High functioning autism spectrum disorders: an investigation of psychological vulnerabilities during interrogative interview
North, A., Russell, A. J. and Gudjonsson, G., 2008. High functioning autism spectrum disorders: an investigation of psychological vulnerabilities during interrogative interview. Journal of Forensic Psychiatry & Psychology, 19 (3), pp. 323-334.
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Forensic psychologists and psychiatrists are commonly asked to ascertain the reliability of statements made by suspects to the police during questioning and to assess an individual's vulnerability to providing information which is inaccurate, unreliable, and misleading during police interview. Autism spectrum disorders (ASD) are characterised by qualitative impairments in social communication and interaction, and a restricted or repetitive pattern of behaviours, interests, and activities. It is not clear whether people with ASD are more vulnerable at interview, or more prone to respond negatively to interrogative pressure, when compared with the general population. In the present study, 26 individuals with high functioning ASD, and 27 gender- and IQ-matched controls, were compared on measures of interrogative suggestibility and compliance as well as on measures of anxiety, depression, the extent to which they feared negative evaluation by others, and whether they had a suspicious outlook. There were no significant between-group differences on the measures of suggestibility, but the group with ASD were rated as significantly more compliant than the controls in terms of both parental and self-report, and also had higher scores on measures of depression, anxiety, fear of negative social evaluation and paranoia. Bi-modal distribution of suggestibility scores within the ASD group indicates that individual characteristics should be taken into account when considering an assessment. Individuals with ASD may be more eager to please or to avoid conflict and confrontation than controls, and may be more prone to respond compliantly to requests and demands.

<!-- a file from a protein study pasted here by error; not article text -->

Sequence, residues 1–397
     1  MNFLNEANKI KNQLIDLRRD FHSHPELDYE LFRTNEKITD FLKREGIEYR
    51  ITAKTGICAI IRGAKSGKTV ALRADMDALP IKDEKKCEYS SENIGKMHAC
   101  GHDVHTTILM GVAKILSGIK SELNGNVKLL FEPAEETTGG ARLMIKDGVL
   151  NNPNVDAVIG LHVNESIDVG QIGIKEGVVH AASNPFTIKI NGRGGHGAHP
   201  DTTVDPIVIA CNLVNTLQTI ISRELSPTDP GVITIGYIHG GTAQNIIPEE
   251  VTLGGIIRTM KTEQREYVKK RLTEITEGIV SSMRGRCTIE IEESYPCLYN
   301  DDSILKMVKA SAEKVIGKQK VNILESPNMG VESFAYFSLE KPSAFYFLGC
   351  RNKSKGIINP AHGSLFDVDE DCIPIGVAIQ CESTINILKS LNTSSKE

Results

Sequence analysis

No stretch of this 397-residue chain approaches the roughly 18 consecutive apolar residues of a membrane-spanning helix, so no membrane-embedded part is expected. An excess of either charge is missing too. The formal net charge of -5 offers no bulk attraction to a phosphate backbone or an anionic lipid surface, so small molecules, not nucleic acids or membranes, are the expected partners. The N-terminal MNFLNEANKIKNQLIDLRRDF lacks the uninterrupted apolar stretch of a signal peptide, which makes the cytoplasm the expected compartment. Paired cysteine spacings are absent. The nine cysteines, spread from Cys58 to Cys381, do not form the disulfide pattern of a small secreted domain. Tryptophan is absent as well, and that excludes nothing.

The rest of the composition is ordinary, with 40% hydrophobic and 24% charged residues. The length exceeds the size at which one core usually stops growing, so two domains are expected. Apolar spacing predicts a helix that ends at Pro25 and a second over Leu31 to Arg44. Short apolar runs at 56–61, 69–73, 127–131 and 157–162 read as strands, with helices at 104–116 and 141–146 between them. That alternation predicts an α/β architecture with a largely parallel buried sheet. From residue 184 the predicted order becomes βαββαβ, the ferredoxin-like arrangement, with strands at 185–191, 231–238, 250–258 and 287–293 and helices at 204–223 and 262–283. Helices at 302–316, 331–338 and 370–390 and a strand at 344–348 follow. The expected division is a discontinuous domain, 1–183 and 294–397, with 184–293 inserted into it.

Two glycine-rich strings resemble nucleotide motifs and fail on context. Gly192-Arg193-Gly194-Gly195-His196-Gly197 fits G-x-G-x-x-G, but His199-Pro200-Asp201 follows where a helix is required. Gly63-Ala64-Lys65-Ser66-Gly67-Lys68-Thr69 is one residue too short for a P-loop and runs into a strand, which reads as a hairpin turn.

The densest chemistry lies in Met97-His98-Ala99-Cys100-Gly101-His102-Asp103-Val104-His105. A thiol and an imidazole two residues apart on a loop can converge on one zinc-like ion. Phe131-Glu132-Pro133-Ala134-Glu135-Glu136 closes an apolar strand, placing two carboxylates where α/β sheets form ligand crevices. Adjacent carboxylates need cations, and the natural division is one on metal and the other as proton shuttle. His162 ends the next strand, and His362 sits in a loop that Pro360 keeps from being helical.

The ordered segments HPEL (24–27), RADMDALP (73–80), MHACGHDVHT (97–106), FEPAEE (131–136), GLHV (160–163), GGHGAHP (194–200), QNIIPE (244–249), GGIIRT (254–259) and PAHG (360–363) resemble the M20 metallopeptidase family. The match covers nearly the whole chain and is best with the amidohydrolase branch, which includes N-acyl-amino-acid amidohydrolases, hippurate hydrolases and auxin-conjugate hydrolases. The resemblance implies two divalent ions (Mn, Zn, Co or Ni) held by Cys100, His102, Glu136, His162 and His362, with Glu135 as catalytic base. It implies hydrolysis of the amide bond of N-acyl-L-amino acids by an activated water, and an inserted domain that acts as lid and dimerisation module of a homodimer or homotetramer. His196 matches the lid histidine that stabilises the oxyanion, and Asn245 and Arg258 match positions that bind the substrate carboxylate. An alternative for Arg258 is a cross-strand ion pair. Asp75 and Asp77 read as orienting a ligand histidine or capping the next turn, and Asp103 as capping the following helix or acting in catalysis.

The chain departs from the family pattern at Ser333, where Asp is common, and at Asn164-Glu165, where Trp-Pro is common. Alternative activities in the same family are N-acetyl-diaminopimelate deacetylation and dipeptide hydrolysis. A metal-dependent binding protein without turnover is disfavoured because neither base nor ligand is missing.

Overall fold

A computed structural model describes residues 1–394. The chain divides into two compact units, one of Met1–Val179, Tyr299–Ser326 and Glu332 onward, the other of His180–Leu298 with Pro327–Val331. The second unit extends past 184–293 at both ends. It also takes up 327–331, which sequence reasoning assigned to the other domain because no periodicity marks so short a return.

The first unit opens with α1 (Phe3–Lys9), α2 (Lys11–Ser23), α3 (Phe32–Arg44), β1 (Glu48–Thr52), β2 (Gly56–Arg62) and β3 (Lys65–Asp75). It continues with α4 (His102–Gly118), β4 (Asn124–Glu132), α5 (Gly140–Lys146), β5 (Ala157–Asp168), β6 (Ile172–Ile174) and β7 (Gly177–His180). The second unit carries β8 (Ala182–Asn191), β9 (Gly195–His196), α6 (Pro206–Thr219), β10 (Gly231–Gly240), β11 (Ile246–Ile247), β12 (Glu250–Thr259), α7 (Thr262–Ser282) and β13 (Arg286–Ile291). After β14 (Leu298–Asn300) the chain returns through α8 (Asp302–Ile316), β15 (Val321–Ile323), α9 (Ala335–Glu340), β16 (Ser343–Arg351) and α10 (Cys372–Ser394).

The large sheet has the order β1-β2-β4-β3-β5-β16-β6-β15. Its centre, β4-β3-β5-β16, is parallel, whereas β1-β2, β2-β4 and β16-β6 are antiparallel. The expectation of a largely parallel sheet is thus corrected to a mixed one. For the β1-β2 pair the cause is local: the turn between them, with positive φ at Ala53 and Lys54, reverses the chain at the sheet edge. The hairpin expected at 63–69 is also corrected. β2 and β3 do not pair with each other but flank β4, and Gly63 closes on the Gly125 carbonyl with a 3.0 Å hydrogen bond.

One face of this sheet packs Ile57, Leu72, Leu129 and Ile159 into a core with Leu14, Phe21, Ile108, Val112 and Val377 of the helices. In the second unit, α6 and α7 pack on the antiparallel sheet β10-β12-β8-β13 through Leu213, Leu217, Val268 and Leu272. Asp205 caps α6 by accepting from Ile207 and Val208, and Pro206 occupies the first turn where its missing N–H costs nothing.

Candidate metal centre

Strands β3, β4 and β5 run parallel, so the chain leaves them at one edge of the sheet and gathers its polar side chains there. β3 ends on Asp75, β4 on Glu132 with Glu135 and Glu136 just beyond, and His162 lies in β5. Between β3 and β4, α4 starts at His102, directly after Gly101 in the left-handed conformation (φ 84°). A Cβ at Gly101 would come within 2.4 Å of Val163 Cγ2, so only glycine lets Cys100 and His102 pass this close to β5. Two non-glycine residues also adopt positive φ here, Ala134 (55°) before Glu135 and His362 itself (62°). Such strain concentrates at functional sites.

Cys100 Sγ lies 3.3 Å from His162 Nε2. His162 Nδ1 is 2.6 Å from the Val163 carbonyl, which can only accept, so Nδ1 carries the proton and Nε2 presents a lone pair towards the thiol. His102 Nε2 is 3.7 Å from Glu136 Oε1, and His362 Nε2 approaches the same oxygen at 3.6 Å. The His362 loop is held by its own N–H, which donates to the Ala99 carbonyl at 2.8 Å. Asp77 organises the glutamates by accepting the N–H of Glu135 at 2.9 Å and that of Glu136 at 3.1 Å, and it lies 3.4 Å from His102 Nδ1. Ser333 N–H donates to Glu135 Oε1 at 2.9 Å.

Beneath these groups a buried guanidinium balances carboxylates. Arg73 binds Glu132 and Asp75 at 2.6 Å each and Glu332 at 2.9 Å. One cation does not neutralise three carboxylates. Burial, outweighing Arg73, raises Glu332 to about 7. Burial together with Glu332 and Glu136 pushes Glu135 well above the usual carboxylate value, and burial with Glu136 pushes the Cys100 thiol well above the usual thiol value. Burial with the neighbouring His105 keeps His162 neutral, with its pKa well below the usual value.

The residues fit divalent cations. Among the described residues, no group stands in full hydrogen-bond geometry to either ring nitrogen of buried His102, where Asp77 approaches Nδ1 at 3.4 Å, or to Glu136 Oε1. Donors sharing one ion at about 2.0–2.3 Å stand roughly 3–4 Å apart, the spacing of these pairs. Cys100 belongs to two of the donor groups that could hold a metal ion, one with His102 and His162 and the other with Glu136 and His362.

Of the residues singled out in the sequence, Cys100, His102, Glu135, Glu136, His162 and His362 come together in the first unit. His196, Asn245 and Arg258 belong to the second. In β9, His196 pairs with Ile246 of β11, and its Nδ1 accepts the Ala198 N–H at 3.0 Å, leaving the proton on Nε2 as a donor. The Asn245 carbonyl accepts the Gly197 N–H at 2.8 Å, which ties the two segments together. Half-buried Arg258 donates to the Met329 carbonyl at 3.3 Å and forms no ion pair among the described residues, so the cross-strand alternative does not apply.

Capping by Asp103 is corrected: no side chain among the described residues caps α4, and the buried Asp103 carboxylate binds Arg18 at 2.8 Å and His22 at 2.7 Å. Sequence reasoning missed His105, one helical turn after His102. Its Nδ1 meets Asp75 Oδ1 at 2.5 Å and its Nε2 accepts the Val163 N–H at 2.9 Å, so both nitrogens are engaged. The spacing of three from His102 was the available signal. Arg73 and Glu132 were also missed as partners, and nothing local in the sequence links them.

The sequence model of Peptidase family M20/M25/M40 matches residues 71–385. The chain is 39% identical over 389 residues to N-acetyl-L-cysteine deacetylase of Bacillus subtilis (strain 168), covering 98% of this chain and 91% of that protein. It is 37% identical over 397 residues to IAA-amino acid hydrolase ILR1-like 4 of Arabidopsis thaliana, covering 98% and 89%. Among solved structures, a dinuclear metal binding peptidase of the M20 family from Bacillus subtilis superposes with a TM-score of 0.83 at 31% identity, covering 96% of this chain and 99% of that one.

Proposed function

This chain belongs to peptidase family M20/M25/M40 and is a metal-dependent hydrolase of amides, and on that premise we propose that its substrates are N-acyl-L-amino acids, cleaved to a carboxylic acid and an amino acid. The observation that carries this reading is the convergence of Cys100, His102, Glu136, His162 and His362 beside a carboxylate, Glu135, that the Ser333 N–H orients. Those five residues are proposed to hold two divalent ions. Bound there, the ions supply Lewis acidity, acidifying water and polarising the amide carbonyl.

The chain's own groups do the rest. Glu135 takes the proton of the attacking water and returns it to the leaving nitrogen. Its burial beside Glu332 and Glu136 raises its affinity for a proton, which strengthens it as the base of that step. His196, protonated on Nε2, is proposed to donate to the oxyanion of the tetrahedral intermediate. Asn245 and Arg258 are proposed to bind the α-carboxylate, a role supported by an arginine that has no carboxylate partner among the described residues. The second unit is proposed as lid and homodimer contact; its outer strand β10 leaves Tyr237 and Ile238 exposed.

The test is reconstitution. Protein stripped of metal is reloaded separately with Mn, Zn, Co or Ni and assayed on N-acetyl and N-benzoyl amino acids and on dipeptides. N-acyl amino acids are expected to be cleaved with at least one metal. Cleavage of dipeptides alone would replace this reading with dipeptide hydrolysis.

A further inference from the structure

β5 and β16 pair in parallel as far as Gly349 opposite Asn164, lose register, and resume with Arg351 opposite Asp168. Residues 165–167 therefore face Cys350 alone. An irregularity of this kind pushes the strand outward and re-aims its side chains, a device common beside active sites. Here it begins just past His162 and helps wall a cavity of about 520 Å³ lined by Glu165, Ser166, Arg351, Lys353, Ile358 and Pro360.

|Creators||North, A., Russell, A. J. and Gudjonsson, G.|
|Departments||Faculty of Humanities & Social Sciences > Psychology|
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